Marit conducts transdisciplinary and transmethodological research into prevention, (early) treatment and public mental health interventions for mental disorders among populations exposed to trauma and adversities, including refugees and individuals in low- and middle-income countries. She has completed multiple treatment studies, including research on debriefing in the acute aftermath of trauma, early cognitive behavioral therapy, internet-based prevention of post-traumatic stress disorder, and the effects of Psychological First Aid training for health professionals in Sierra Leone. She has also been involved in studies of the effects of the WHO scalable psychosocial interventions in Pakistan and Kenya.
Marit Sijbrandij is currently the coordinator of the EU H2020 STRENGTHS project, on the effectiveness of the scalable WHO programs for Syrian refugees in Europe and the Middle East. She is also the coordinator of the EU H2020 RESPOND project, which aims to improve the well-being of vulnerable groups during the COVID-19 pandemic.
Hannah holds a PhD in Global Health and Development, a MSc in International Health, and a MA in Comparative and International Studies. From 2017 to 2019, she completed a two-year assignment as Fulbright Scholar / Visiting Assistant in Research at Yale University’s Department of Anthropology with a research focus on mental health in humanitarian crises. Hannah also serves as an International Program Affiliate of Yale’s Conflict, Resilience, and Health Program, and teaches the yearly seminar on crisis psychology at Akkon University of Applied Sciences for Human Sciences in Berlin.
In addition to her academic career, Hannah is working for the United Nations and non-governmental organizations in the fields of gender equality and health. Over the last ten years, her consulting work included assignments in the Maldives, Rwanda, South Sudan, Thailand, and a Headquarters position in New York.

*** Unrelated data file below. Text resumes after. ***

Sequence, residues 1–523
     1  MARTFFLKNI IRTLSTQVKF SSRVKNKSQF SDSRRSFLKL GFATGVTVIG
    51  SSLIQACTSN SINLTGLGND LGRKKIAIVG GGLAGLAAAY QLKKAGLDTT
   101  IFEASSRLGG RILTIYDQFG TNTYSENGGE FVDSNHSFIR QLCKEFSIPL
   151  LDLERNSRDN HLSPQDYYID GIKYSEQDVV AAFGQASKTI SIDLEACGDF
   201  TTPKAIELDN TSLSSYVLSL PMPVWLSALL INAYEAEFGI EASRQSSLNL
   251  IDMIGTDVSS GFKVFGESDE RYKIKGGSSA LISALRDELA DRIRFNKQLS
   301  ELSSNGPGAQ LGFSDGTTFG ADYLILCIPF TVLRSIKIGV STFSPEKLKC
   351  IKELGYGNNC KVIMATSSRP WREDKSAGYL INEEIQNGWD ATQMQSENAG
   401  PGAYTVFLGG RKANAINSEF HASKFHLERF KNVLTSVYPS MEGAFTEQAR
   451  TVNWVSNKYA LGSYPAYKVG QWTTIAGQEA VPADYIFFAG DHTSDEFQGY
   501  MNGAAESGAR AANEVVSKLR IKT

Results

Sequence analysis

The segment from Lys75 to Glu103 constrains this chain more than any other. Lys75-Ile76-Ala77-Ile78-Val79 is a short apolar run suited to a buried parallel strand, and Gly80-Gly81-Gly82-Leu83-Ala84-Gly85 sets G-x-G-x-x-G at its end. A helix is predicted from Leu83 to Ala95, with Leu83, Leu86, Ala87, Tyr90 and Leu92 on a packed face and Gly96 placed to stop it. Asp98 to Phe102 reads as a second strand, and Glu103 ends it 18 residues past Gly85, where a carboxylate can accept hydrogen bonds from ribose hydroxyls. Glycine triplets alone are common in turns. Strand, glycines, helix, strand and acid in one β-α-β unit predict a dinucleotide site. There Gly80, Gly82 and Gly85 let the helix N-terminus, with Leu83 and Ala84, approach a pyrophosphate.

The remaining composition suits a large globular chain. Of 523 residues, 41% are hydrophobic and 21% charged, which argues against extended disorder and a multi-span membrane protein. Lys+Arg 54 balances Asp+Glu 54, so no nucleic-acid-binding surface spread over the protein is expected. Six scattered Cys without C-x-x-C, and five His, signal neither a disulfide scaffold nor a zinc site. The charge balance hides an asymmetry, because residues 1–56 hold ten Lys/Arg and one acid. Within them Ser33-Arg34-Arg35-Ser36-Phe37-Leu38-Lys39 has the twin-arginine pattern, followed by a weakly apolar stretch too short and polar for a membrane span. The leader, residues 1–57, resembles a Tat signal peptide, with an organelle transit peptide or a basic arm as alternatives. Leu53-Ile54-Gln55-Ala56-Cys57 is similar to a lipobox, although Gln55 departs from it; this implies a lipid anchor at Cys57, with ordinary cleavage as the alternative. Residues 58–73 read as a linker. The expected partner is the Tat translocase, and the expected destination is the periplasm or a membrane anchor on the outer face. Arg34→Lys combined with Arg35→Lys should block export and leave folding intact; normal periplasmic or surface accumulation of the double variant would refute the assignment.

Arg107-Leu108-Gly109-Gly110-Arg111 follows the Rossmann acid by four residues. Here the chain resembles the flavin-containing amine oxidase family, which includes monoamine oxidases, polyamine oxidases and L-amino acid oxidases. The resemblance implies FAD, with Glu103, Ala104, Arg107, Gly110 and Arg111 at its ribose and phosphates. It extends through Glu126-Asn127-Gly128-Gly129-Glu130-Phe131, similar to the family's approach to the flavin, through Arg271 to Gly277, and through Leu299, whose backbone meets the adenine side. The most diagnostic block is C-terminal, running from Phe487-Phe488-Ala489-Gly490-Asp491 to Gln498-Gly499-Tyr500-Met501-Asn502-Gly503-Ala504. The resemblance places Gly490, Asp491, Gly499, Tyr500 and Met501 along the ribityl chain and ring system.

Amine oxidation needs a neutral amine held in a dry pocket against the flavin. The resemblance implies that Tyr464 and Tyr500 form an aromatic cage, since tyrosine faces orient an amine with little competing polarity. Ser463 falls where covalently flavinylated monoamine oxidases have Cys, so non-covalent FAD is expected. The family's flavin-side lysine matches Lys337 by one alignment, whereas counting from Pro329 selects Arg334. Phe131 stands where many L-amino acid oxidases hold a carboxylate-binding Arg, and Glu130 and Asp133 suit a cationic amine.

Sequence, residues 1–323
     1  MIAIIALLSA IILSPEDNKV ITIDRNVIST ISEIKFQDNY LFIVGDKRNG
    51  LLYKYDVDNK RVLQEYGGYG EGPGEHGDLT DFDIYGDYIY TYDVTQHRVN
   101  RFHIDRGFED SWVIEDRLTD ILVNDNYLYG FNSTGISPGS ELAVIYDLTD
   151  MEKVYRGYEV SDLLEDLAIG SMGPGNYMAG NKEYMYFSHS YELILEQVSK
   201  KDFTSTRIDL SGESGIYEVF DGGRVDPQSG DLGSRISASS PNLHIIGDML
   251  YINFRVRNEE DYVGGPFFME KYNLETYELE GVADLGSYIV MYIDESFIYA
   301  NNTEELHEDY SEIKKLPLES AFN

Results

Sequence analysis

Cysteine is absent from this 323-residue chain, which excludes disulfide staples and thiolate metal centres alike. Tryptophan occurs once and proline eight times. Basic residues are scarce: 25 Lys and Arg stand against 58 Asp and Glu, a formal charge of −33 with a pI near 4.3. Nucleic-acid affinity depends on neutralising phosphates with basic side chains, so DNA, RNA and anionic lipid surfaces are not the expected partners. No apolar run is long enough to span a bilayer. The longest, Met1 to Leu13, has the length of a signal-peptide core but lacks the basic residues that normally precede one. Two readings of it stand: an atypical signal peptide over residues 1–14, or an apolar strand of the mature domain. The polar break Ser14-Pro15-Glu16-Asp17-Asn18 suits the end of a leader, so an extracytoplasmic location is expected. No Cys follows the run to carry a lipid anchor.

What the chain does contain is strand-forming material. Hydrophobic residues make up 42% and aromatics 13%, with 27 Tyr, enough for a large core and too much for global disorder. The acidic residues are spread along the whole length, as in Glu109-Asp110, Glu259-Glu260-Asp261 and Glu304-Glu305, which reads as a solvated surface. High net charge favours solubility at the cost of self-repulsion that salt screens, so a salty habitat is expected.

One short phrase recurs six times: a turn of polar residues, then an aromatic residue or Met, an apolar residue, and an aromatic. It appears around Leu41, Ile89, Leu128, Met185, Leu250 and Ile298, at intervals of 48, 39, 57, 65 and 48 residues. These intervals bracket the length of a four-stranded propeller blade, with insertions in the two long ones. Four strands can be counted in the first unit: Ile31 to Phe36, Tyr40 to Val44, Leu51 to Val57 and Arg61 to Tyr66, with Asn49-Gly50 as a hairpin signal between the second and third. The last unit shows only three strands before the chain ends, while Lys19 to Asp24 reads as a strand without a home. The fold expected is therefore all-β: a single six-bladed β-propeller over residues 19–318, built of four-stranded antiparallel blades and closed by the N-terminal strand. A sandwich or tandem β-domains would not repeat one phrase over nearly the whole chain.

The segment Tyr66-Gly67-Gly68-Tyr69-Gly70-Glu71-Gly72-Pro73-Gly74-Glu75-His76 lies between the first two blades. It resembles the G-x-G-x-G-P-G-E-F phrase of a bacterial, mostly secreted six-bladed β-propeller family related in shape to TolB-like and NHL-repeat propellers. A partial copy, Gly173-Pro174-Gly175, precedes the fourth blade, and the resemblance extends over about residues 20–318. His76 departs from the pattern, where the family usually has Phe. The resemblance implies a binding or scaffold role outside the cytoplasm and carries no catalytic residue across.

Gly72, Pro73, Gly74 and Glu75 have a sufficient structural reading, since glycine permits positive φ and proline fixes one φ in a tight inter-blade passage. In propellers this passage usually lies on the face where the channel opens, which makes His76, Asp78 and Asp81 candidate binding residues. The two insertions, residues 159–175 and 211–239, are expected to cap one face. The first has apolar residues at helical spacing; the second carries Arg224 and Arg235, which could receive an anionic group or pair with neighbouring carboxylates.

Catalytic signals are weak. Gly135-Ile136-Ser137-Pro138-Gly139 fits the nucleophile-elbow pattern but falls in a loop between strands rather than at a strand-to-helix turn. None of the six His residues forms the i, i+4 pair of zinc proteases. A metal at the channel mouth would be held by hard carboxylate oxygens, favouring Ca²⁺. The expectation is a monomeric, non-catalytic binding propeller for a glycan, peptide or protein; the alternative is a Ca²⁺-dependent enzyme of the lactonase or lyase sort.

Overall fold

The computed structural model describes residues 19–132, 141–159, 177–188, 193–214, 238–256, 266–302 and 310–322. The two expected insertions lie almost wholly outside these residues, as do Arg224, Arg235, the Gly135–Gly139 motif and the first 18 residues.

Mallika Taneja is a theatre artist from New Delhi, India. Her work deals with questions of gendered experiences of the city, systems of justice, explorations of pleasure and rest, a deeper dive into issues of mental health. She is particularly interested in understanding ‘solidarity’ through performative exchanges and through the process of building ensembles and chorus.
Some of Mallika’s works include Rest of the Struggle, Allegedly, Zanana ka Zamana (time of the Femme), Aksar Yu hi Mehsoos Hota Hai (Often Sometimes it Feels like this) and Be Careful. She founded Women Walk at Midnight, Sex Chat Room, and Lost and Found.
Mallika recieved the ZKB Acknowledgement Prize in 2015 and ZKB Patronage Prize in 2021.
Marian Tankink (PhD) is a medical anthropologist and former community psychiatric nurse. She was awarded her PhD for her research on how refugee women from Afghanistan, Bosnia Herzegovina, and South-Sudan respond to personal experiences of sexual violence in their countries of origin, or during their flight. She works as a freelance researcher and trainer for (international) organizations, mainly in the Great Lake district in Africa. Her specialisation is on the relation between gender, violence, psychosocial wellbeing, and mental health from a family or community perspective in (post) conflict areas and among refugees.
From 2014-2019 Marian was the Editor in Chief of ‘Intervention, Journal of Mental Health and Psychosocial Support in Conflict Affected Areas’. Since 2015 she works with the Institute for Justice and Reconciliation in South Africa on linking the fields of Mental Health and Psychosocial Support and Peacebuilding.
Martha Teijema studied International Law, Nursing and has a Master’s degree in Health Sciences. In addition she worked as a Lieutenant in the Dutch Army. Since 2016, she worked and lived in South Africa where she researched the collaboration between healthcare and religious structures for HIV service provision in a variety of set ups. Back in the Netherlands since the beginning of 2020, Martha now works for Doctors of the World where she is one of the coordinators for the psychological care for undocumented migrants in Amsterdam, The Hague and Rotterdam.
Martha has a versatile skill set and interest and is passionate about structural and sustainable interventions that have a long term focus. Equality, equity and autonomy are key elements in her work and she describes herself as a feminist.
Heleen Terwijn (1967) is the vice-chair of the Laguna Collective supervisory board. She is trained as a psychologist and psychotherapist, specialising in emotion, motivation and PTSS treatment.